PROVIDING ANSWERS TO A COMMONLY ASKED QUESTION
AS LOCAL GRAIN prices struggle to keep up with the pace set at the Chicago futures exchange, not surprisingly ‘the basis’ is a hot button issue commonly raised by GFO members.
Rather than being a single issue, basis levels are the result of a number of separate issues, some of which are beyond anyone’s control, such as currency valuations.
However, GFO is determined to do everything within its power to achieve the most fundamental objective of improving prices paid to Ontario producers. This goal is the motivation for many of the organization’s activities. Below is a list of the different factors which determine basis levels and what GFO is doing to help.
ontario isn’t unique
In the past few years, basis levels have widened across the US and around the world. This is due to both the increased cost of transport and storage and also a deterioration of the relationship between the cash and futures market. The persistently low basis has raised concerns that futures markets are not operating efficiently due to a lack of information or an increased level of speculation. As a result the futures exchange is becoming less useful as a risk management tool.
what growers can do
In this new market reality, growers need to arm themselves with as many marketing options as possible. We know that basis will usually deteriorate at harvest. Therefore on-farm storage can be a smart investment to avoid selling into harvest lows. Similarly, growers should be prepared to forward sell when attractive prices are on offer.
The age old advice of knowing your cost of production and establishing a marketing plan is more relevant than ever. Marketing is now a year-round task for farm business. If growers do not have the skills or time to dedicate to the task, there are outsourcing options available.
It’s also important for growers to acknowledge when healthy prices are on offer in the local market. Waiting to hit a home run can result in missed opportunities and disappointment.
GFO staff and directors are always available to discuss this issue with members. •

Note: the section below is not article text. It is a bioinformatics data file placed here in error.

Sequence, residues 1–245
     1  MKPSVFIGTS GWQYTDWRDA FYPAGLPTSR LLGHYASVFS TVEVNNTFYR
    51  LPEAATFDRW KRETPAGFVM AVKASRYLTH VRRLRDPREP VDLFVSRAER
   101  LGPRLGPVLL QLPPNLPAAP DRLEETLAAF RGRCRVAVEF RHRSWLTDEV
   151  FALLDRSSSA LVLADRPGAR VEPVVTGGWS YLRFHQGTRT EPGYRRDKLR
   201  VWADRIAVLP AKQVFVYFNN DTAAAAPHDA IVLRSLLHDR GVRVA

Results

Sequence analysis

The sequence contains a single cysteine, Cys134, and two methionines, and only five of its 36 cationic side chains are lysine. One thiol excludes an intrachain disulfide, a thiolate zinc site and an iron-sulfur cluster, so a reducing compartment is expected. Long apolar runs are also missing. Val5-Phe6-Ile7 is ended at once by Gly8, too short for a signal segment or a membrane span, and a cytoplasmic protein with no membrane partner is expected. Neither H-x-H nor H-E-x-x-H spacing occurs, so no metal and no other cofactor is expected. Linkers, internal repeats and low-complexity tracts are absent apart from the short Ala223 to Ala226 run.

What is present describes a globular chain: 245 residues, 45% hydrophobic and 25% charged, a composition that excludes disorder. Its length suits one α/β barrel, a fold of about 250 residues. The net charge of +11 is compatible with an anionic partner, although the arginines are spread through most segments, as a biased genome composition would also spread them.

|Basis influence||What’s GFO doing?|
|Currency movements||• beyond GFO’s control|
|Speculation and volatility in futures exchanges||• beyond GFO’s control|
|Local demand||• Lobbying to improve ethanol/biodiesel mandates
• Funding research to improve market opportunities. eg. crop breeding
• Partnering with industry to develop new uses for Ontario grain
|Export demand||• Promoting Ontario grains and oilseeds to the world, through trade shows, branding and other forms of marketing
• Addressing food safety, trade and market access issues to improve the competitiveness of Ontario grain on the export market
|Competition and harvest pressure||• GFO retains a presence in the Ontario wheat market to ensure strong competition among buyers and to remove harvest basis pressure, via the pooling program
• GFO continues to fund John Jordan’s Farm Market News service, to improve price transparency and promote competition. Information is available to growers via GFO’s website, a daily email and a newly developed Blackberry application
• Encouraging new entrants into the Ontario market.
|Transport and storage costs||• Lobbying government to improve the efficiency of grain transport infrastructure (i.e. road, rail, port)
• Encouraging the development of more grain storage in Ontario (on and off farm)